Tories select candidate embroiled in a series of Islamophobia rows

26th Oct 2018

Harun Nasrullah

The Tories have selected Shaun Bailey, a man at the centre of a series Islamophobia rows as their candidate for the 2020 Mayoral election.

Bailey was forced to explain why he re-tweeted a tweet that referred to Labour’s Sadiq Khan as “mad mullah Khan of Londonistan” following an investigation by the The Independent.

Bailey shared a post last year with an image of Khan and a caption which also branded Labour as “anti-British”.

The Conservative Party defended Bailey. A spokesman for the party told The Muslim News that the “offensive words were not visible on the Tweet that Shaun Retweeted, nevertheless Shaun has apologised for not checking more closely what was shared.”

A spokesman for Bailey said: “As The Independent’s screenshot shows these grossly offensive words were in no way visible in the chain that was retweeted. Shaun was completely unaware of their existence, and as someone who has suffered racial abuse himself, there is no way on earth Shaun would ever knowingly have shared something so offensive.”

The Tories also shifted the blame on Khan’s team for “clearly running a negative campaign to attack Shaun.”

London Labour MP branded the picture sent to more than 10,000 of Bailey’s followers as “absolutely disgraceful” and accused the Tory politician of seeking to wage an Islamophobic campaign against Khan.

The row emerged on the eve of the party’s conference and amid wider concern over Islamophobia in the party, which flared up in the wake of former Foreign Secretary, Boris Johnson’s recent article suggesting Muslim women in burqas and niqabs look like “bank robbers” and “letterboxes”.

In this latest incident, screenshots from Twitter show that the original offensive content was posted by one user and then shared in another post by a supporter of Bailey, who then re-tweeted his supporter’s post.

Bailey did so in the summer of 2017 amid a row over the cancellation of a bus contract signed off by Khan’s Conservative predecessor, though the original post containing the content has now been deleted.

The offensive message in the initial tweet showed an image of Khan, a bus and the caption “mad mullah Khan of Londonistan has cancelled production of British built Routemaster bus and handed the contract to Germans”.

Then lower down it reads: “Yet another example of the anti-British Labour party putting the British worker last”.

This is not the first time Bailey has been accused of spreading Islamophobia. In 2005 he penned  ‘no man’s land’ pamphlet for the think-tank Centre for Policy Studies in which he wrote that accommodating Muslims and Hindus ‘robs Britain of its community’ and risks turning the country into a ‘crime-riddled cesspool’ as a result.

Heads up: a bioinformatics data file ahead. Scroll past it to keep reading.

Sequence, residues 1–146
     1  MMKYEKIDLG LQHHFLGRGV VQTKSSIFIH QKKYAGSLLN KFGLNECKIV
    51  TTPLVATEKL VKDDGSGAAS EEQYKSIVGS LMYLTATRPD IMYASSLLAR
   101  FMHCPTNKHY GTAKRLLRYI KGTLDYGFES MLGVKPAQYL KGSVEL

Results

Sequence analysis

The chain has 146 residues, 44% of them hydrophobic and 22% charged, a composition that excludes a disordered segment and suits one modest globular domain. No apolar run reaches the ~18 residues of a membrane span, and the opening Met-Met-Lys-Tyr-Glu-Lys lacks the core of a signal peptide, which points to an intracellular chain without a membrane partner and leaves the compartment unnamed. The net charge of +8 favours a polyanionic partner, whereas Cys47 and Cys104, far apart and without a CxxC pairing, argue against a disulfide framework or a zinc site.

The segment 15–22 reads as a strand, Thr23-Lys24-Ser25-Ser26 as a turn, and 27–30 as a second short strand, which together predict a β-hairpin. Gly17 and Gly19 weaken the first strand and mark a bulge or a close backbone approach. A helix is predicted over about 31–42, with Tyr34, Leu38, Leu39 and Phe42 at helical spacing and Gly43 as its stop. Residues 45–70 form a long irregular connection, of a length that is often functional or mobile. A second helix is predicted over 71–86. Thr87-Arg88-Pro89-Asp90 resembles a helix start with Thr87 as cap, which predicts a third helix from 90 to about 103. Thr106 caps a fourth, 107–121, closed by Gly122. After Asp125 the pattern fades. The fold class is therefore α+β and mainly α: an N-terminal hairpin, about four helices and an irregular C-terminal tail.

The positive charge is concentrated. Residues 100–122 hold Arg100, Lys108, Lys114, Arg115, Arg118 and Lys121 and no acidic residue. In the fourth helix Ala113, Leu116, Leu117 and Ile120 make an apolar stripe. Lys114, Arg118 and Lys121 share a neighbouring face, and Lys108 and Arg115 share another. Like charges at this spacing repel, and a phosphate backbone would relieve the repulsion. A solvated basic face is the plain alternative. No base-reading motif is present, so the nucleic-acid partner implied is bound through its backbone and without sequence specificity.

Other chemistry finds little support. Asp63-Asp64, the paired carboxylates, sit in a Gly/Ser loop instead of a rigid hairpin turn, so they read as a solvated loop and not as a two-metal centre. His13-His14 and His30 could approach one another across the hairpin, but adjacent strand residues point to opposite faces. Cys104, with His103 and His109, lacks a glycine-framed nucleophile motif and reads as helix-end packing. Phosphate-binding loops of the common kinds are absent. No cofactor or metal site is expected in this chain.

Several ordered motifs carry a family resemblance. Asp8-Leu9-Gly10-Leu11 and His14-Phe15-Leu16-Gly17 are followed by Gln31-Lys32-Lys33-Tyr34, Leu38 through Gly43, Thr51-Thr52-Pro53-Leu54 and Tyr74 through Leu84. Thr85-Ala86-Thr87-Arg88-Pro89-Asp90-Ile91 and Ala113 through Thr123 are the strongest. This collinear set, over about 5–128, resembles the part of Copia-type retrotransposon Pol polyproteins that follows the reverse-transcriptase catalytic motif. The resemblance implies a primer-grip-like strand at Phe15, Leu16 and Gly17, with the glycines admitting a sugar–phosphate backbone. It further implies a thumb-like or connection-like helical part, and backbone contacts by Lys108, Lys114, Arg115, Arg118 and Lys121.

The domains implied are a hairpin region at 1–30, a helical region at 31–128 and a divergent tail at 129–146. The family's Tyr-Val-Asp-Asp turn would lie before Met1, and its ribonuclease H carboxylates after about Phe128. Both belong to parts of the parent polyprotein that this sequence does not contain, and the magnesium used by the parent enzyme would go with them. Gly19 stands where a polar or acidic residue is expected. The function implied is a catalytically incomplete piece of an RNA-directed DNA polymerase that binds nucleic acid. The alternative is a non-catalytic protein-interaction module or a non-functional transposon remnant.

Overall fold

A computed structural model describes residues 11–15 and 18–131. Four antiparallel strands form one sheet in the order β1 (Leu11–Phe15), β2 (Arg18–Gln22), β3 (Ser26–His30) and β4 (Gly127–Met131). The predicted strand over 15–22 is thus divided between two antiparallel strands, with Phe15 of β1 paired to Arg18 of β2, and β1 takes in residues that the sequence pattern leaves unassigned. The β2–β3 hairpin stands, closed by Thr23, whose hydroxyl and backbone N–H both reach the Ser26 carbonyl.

Bailey voiced concerns about the marking of Muslim and Hindu festivals, claimed children were being taught more about Diwali than Christmas, and argued Britain ‘removing the religion that British people generally take to’ had allowed immigrants to bring their countries cultural problems with them.

However, the Conservative Party insist Bailey was not blaming “Muslims or any other group for criminal problems as described. Shaun was specifically talking about community breakdown. What he actually said was ‘Without our community, we slip into a crime-riddled cesspool.’”

The new row has the hallmark of the 2016 Mayoral election, which saw Tory MP Zac Goldsmith wage what even some other Conservatives described as a “disgusting” campaign that portrayed Khan as closely linked to extremists.

Labour’s Ilford North MP Wes Streeting warned Bailey against repeating “Zac Goldsmith’s Islamophobic campaign for London Mayor”. He added: “The picture he shared on Twitter is absolutely disgraceful.”

Following the 2016 Mayoral campaign, Chair of the Conservative Muslim Forum, Mohammed Amin, joined other senior Tory figures in condemning the attacks on Khan by Goldsmith.

Bailey, a youth worker who became an adviser to David Cameron before being elected to the London Assembly is yet to go further than a joint statement issued by himself, Boff and the other hopeful Joy Morrissey, which said that they “support all efforts to keep our capital open and integrated between all our communities”. He has also campaigned for and received political backing from, Goldsmith.

Former Co-chair of the Conservative Party, Baroness Warsi, said that Islamophobia is “very widespread” in the party and complained that it has been “ignored” by leaders.

She later joined others including the Conservative Muslim Forum and the Muslim Council of Great Britain in calling for an inquiry into the problem.

An internal Conservative process looking at Johnson’s comparison of Muslim women in face coverings with “bank robbers” and “letterboxes” is underway after being automatically triggered after when the party received several complaints about his articles.

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